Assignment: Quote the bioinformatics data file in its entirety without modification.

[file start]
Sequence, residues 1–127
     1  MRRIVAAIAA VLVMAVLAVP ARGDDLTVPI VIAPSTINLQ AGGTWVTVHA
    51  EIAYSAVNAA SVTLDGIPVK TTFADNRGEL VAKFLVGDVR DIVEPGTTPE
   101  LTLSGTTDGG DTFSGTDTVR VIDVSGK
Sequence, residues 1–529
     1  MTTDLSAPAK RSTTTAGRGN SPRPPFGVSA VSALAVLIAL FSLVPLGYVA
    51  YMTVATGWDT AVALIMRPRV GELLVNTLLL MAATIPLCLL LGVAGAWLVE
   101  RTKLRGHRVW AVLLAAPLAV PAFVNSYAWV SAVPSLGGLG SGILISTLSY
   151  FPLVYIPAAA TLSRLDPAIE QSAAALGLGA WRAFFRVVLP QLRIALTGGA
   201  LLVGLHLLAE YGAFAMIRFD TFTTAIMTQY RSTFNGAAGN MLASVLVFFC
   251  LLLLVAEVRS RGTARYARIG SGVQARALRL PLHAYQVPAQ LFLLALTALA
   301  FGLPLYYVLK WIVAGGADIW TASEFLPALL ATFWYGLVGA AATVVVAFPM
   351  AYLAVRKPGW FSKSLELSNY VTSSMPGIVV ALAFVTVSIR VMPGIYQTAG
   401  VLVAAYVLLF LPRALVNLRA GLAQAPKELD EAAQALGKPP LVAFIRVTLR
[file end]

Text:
Sequence, residues 1–127
     1  MRRIVAAIAA VLVMAVLAVP ARGDDLTVPI VIAPSTINLQ AGGTWVTVHA
    51  EIAYSAVNAA SVTLDGIPVK TTFADNRGEL VAKFLVGDVR DIVEPGTTPE
   101  LTLSGTTDGG DTFSGTDTVR VIDVSGK
Sequence, residues 1–529
     1  MTTDLSAPAK RSTTTAGRGN SPRPPFGVSA VSALAVLIAL FSLVPLGYVA
    51  YMTVATGWDT AVALIMRPRV GELLVNTLLL MAATIPLCLL LGVAGAWLVE
   101  RTKLRGHRVW AVLLAAPLAV PAFVNSYAWV SAVPSLGGLG SGILISTLSY
   151  FPLVYIPAAA TLSRLDPAIE QSAAALGLGA WRAFFRVVLP QLRIALTGGA
   201  LLVGLHLLAE YGAFAMIRFD TFTTAIMTQY RSTFNGAAGN MLASVLVFFC
   251  LLLLVAEVRS RGTARYARIG SGVQARALRL PLHAYQVPAQ LFLLALTALA
   301  FGLPLYYVLK WIVAGGADIW TASEFLPALL ATFWYGLVGA AATVVVAFPM
   351  AYLAVRKPGW FSKSLELSNY VTSSMPGIVV ALAFVTVSIR VMPGIYQTAG
   401  VLVAAYVLLF LPRALVNLRA GLAQAPKELD EAAQALGKPP LVAFIRVTLR